In August, Visa has created a new category of payment aggregator, the marketplace, and updated the requirements that have to be met in order to qualify as a marketplace under Visa’s rules. The new designation is expected to have an immediate impact in the ecommerce market by clarifying the status and requirements applicable to ecommerce sites looking to add payment processing services to their platforms.

In the Chinese market, the government expanded policies on retail imports and exports via cross-border ecommerce to unlock the potential of consumption. The Chinese government showed interest in stimulating the potential for increased imports and in stepping up cross-border ecommerce and other new business models.

In September, the European Commission issued updated guidance for ending geo-blocking to help member states and ecommerce businesses to adapt to the new rules. The rules are designed to allow consumers and companies to buy and sell products and services online more easily and confidently across the EU.

In 2018, regulatory bodies focused on the emerging economies as well, with the aim to stimulate ecommerce. In July, the United Nations has urged African states to develop regulations to stimulate ecommerce growth. In the ASEAN region, in November, economic ministers signed an agreement to facilitate cross-border ecommerce transactions within the region. The agreement, finalised after nine rounds of negotiations, is the grouping’s first one on ecommerce.

Important investments and acquisitions

2018 marked the world’s biggest purchase of an ecommerce company, the acquisition of Flipkart by Walmart, in May, for USD 16 billion. It was also reported that Amazon wanted to buy Flipkart, a move that would have put the US retailer in competition with Amazon in India. Walmart hit the headlines again when it shared its plans to acquire the food delivery service Cornershop for USD 225 million, to ramp up its ecommerce business in Mexico and Chile.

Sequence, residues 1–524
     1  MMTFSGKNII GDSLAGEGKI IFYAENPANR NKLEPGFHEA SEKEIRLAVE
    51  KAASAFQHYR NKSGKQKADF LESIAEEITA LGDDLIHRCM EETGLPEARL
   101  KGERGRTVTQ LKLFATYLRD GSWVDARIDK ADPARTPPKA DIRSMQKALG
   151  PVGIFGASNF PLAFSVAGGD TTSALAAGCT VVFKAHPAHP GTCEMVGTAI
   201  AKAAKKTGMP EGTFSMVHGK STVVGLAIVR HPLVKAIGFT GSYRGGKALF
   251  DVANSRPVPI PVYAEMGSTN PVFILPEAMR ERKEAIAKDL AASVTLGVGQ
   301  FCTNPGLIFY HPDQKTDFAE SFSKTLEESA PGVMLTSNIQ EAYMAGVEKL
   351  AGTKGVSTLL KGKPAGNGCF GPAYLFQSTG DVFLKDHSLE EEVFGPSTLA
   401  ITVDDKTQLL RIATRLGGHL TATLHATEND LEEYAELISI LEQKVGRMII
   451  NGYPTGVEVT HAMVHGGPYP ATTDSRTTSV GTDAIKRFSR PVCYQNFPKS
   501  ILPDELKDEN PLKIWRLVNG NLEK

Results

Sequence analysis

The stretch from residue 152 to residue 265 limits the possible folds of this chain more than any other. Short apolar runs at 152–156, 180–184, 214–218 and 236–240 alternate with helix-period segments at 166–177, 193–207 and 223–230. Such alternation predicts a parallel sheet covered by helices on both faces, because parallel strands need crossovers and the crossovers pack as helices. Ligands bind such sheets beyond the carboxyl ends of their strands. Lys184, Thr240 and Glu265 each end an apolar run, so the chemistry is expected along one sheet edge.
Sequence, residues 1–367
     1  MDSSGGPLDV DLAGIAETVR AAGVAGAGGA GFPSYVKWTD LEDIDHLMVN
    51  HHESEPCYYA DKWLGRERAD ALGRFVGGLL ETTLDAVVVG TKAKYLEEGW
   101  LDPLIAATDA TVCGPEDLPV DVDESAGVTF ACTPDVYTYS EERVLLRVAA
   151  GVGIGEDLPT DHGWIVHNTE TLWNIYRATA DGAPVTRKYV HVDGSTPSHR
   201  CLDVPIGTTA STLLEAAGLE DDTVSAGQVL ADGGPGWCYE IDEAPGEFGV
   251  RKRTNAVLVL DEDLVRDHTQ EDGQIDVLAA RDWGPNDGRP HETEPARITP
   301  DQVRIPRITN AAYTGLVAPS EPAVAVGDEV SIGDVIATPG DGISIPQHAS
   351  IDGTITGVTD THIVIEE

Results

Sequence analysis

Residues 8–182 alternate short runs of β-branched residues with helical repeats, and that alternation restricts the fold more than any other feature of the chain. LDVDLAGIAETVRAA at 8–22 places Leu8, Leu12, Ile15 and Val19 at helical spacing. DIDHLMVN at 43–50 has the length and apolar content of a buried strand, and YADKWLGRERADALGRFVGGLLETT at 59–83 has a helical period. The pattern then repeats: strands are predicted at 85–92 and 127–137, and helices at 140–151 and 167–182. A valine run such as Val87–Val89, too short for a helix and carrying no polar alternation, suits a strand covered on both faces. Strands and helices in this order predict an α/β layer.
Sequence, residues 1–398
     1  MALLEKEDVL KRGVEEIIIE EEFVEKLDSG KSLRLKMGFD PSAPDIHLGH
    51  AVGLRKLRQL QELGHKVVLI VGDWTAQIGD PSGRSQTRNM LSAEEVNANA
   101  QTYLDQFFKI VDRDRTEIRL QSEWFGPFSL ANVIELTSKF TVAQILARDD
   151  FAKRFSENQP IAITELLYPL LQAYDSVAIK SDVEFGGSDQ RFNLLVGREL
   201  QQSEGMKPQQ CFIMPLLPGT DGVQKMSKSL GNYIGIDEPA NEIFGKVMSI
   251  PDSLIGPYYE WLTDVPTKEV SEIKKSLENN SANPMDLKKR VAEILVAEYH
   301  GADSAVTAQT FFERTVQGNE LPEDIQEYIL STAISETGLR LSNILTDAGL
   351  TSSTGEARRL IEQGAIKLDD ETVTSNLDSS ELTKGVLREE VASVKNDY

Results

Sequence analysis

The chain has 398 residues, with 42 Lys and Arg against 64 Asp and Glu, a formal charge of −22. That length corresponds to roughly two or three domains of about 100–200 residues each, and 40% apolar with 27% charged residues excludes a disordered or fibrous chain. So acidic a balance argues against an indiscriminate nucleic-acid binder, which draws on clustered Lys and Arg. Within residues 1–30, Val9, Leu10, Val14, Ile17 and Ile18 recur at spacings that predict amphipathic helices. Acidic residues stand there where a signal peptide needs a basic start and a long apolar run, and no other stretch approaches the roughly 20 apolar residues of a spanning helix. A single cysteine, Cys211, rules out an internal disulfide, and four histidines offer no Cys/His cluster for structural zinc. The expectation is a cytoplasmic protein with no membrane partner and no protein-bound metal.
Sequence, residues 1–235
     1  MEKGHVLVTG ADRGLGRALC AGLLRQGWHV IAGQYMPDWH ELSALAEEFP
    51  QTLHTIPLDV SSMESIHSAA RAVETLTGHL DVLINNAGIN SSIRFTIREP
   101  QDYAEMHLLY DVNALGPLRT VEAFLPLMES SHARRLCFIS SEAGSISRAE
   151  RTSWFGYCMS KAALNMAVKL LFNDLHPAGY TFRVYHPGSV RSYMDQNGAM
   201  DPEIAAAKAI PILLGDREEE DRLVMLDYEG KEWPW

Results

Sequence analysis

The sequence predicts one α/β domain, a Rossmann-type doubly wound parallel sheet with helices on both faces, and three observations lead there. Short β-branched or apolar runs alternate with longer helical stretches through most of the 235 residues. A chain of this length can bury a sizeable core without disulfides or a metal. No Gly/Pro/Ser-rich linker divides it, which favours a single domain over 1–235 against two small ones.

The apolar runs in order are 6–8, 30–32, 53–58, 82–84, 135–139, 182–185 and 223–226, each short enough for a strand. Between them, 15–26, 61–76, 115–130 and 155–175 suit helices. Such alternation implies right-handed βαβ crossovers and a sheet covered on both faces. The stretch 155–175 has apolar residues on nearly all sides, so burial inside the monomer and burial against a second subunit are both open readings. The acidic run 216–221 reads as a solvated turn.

Another important announcement regarded Adobe’s intention of acquiring Magento Commerce from private equity company Permira for USD 1.68 billion. According to Reuters, the deal would help Adobe bolster its Experience Cloud business. Then, in June 2018, Google inked a deal with JD.com, agreeing to purchase USD 550 million worth of shares in the company.

Another important investment in 2018 is marked by Alibaba, which increased its control of Lazada, investing USD 2 billion into the business. By acquiring a majority of Lazada’s shares, the Chinese ecommerce platform strengthened its presence in markets like Indonesia, Malaysia, the Philippines, Singapore, Thailand, and Vietnam.

2018 at The Paypers

In 2018, we have launched the ninth edition of the Payments and Commerce Market Guide 2018-2019 – Insights into Global Payments and Commerce Market, which covers the latest trends and developments in the commerce and payments space.

Stay tuned for the next retrospective, this time discussing what has happened in 2018 in online and mobile payments.

About Ana Pastravanu

Ana is Content Editor at The Paypers and has been actively involved in covering digital payments and ecommerce related topics. She is passionate about finding the latest trends and developments in cross-border ecommerce, payment methods, and fintech startups. 


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Keywords: ecommerce, commerce, Alibaba, Amazon, Walmart, Tmall, Walmart, Lazada, Asia, India, China, Europe, US, Magento, payment method, European Commission, ASEAN, retail, cross-border ecommerce, Visa, marketplace, Google, Apple, cryptocurrencies, blockchain
Countries: World